|Winchester Model 1885|
|Place of origin||United States|
|Barrel length||26 inches (66 cm)|
In 1878, the 23-year-old Browning designed a falling-block single-shot rifle, for which he was granted a patent the following year. Browning and his brother commenced making the rifles by hand in their second-floor workshop in Ogden, Utah, with limited success.
In 1883, Thomas G. Bennett, Vice-President and General Manager of the Winchester Repeating Arms Company, traveled to Ogden and negotiated the purchase of the single-shot design, as well as the prototype of what would become the Model 1886 lever-action – the beginning of the fruitful 20-year Winchester–Browning collaboration. Winchester's engineers made some improvements to Browning's design, including angling the block at six degrees to create a positive breech seal, and released the rifle as the Model 1885. Two popular models were made, the so-called Low Wall which showed an exposed hammer, firing less powerful cartridges, and the so-called High Wall for stronger cartridges whose steel frame covered most of the firing hammer when viewed from the side; but both were officially marketed by Winchester as the Single Shot Rifle.
It was produced principally to satisfy the demands of the growing sport of long-range "Match Shooting", which opened at Creedmoor, New York, on June 21, 1872. Target/Match shooting was extremely popular in the US from about 1871 until about 1917, enjoying a status similar to golf today, and the Winchester company, which had built its reputation on repeating firearms, had in 1885 challenged the single-shot giants of Sharps, Remington, Stevens, Maynard, Ballard et al., not only entering the competition, but excelling at it, with Major Ned H. Roberts (inventor of the .257 Roberts cartridge) describing the Model 1885 Single Shot as "the most reliable, strongest, and altogether best single shot rifle ever produced."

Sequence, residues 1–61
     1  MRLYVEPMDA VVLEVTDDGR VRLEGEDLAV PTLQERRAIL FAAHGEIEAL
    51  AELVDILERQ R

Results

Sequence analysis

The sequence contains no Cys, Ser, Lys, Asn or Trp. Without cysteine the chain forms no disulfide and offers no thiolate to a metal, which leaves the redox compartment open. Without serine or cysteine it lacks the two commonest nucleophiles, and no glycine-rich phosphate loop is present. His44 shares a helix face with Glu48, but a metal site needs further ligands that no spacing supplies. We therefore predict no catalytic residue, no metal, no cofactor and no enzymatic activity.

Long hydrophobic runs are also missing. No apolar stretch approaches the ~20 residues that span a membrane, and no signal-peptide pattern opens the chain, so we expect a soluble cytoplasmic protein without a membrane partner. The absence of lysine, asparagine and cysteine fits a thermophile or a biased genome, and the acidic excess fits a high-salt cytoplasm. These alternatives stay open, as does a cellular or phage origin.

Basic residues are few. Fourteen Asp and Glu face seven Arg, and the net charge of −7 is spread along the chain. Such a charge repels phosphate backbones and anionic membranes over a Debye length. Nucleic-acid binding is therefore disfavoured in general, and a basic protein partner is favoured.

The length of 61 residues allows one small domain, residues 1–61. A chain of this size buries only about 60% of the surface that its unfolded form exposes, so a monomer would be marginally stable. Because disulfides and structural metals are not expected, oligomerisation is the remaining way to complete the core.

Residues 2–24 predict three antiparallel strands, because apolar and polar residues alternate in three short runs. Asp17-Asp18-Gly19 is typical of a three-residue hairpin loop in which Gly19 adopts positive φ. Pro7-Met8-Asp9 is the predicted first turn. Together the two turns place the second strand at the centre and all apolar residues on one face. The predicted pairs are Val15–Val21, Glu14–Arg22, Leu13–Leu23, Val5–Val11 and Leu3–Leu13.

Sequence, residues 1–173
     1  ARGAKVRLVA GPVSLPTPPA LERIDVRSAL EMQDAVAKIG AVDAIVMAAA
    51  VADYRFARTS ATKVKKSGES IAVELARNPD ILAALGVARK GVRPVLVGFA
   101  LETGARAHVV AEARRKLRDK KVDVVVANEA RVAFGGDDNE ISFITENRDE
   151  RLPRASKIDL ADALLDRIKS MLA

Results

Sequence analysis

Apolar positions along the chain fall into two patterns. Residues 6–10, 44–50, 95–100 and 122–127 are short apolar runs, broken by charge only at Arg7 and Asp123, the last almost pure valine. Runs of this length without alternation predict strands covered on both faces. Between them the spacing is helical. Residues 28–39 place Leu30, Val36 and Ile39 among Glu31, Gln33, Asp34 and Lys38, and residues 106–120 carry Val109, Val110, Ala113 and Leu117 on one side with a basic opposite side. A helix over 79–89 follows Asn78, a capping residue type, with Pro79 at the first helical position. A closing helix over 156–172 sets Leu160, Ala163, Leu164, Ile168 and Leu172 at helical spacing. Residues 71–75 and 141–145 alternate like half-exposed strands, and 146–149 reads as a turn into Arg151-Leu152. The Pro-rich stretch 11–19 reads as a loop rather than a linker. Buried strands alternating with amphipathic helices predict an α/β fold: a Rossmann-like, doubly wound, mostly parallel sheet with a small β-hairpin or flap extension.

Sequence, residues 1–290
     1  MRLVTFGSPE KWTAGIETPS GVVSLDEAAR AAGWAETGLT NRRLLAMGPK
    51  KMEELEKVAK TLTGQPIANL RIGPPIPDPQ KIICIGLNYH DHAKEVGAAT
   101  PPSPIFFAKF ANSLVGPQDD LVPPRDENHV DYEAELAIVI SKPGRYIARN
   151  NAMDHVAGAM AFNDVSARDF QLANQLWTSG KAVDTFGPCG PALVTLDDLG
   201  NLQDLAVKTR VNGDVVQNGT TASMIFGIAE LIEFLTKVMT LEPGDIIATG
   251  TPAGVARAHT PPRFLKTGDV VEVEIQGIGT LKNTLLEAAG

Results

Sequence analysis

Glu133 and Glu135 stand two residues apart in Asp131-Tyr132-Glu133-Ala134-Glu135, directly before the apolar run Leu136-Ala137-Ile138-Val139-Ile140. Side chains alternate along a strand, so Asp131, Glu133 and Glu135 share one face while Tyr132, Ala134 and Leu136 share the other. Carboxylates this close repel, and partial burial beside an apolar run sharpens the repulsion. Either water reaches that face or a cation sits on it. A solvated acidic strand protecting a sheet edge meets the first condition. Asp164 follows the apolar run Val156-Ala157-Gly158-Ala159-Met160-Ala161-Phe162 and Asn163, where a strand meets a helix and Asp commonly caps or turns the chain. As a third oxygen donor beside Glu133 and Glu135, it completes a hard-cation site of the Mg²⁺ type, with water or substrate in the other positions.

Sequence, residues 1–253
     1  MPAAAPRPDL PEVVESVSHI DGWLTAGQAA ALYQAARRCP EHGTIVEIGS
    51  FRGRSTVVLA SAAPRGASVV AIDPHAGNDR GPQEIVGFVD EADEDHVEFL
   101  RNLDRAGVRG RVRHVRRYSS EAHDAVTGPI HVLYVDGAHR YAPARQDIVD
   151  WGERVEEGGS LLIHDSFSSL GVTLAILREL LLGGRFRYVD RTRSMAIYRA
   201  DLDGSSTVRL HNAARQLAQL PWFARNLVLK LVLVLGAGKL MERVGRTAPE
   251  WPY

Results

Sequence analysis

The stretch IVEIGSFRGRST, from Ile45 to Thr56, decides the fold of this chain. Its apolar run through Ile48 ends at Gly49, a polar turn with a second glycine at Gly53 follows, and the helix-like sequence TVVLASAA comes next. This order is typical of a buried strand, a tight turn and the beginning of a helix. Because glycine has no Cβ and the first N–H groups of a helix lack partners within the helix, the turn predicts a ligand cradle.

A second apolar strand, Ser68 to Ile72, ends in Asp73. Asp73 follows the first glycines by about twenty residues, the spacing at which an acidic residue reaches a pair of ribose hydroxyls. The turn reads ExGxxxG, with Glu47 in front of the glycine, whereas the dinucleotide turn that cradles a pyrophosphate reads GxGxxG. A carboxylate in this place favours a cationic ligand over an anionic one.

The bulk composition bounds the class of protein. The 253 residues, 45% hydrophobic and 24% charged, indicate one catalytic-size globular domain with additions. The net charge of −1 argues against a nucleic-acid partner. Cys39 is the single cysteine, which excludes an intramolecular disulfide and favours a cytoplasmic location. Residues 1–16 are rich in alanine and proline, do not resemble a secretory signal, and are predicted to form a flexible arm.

Winchester produced nearly 140,000 Single Shot rifles from 1885 to 1920, and it was found that the falling-block Model 1885 had been built with one of the strongest actions known at that time. The falling block action was so strong that the Winchester Company used it to test fire newly created rifle cartridges. To satisfy the needs of the shooting and hunting public, the Model 1885 Single Shot was eventually produced in more calibers than any other Winchester rifle. Winchester also produced a large number of Single Shots in .22 caliber for the US Army as a marksmanship training rifle, the "Winder musket."
In 2005, Winchester reintroduced their famed 1885 Single Shots, labeled the Limited Series. The 21st-century Winchester Single Shot rifles are built with modern technology and steels, enabling them to fire modern smokeless cartridges; the currently popular cartridges of .17 Remington, .243 Winchester and .30-06 Springfield were offered with standard rubber recoil pads and straight butt plates. However, four of those Limited Series Model 1885 SSs were subtitled Traditional Hunters. Those four rifles, in calibers .38-55 and .405 Winchester, .45-70 Government, and .45-90 BPCR, were built in the style of the 19th century, with crescent steel butt plates and 19th-century style folding tang sights, along with full octagon 28-inch-long barrels. Their rifling, in the case of the .38-55, are the (Winchester) traditional one complete turn within eighteen inches (1-18") with rifle grooves at .376, and rifle lands measuring .368 of an inch. The .45-70 is by far the most readily available of these four vintage cartridges.
The overall length of a Model 1885 with a 28-inch barrel is the same basic length as a Winchester bolt-action Model 70 with a 24-inch barrel. With a longer barrel, bullet velocities can be significantly increased over bolt-action rifles that have the same overall length, provided the proper combination of bullet and propellant is selected.